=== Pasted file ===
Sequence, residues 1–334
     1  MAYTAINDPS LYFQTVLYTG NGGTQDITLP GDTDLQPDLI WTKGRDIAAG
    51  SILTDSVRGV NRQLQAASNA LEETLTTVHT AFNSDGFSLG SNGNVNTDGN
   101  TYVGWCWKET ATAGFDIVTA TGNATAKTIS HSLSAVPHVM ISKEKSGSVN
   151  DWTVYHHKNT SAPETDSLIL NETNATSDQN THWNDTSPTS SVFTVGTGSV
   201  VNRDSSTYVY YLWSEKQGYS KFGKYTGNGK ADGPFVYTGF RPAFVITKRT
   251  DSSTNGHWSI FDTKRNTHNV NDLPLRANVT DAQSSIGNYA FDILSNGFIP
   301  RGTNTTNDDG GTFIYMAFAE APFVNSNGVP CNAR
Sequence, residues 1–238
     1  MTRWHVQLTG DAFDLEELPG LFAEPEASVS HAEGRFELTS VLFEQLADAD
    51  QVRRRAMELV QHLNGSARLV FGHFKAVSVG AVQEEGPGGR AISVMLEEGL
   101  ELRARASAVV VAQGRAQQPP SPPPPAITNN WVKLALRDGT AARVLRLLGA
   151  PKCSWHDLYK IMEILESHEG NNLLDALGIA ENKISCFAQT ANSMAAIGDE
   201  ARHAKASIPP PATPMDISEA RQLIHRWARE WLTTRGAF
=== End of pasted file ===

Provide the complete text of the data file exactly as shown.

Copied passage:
Sequence, residues 1–334
     1  MAYTAINDPS LYFQTVLYTG NGGTQDITLP GDTDLQPDLI WTKGRDIAAG
    51  SILTDSVRGV NRQLQAASNA LEETLTTVHT AFNSDGFSLG SNGNVNTDGN
   101  TYVGWCWKET ATAGFDIVTA TGNATAKTIS HSLSAVPHVM ISKEKSGSVN
   151  DWTVYHHKNT SAPETDSLIL NETNATSDQN THWNDTSPTS SVFTVGTGSV
   201  VNRDSSTYVY YLWSEKQGYS KFGKYTGNGK ADGPFVYTGF RPAFVITKRT
   251  DSSTNGHWSI FDTKRNTHNV NDLPLRANVT DAQSSIGNYA FDILSNGFIP
   301  RGTNTTNDDG GTFIYMAFAE APFVNSNGVP CNAR
Sequence, residues 1–238
     1  MTRWHVQLTG DAFDLEELPG LFAEPEASVS HAEGRFELTS VLFEQLADAD
    51  QVRRRAMELV QHLNGSARLV FGHFKAVSVG AVQEEGPGGR AISVMLEEGL
   101  ELRARASAVV VAQGRAQQPP SPPPPAITNN WVKLALRDGT AARVLRLLGA
   151  PKCSWHDLYK IMEILESHEG NNLLDALGIA ENKISCFAQT ANSMAAIGDE
   201  ARHAKASIPP PATPMDISEA RQLIHRWARE WLTTRGAF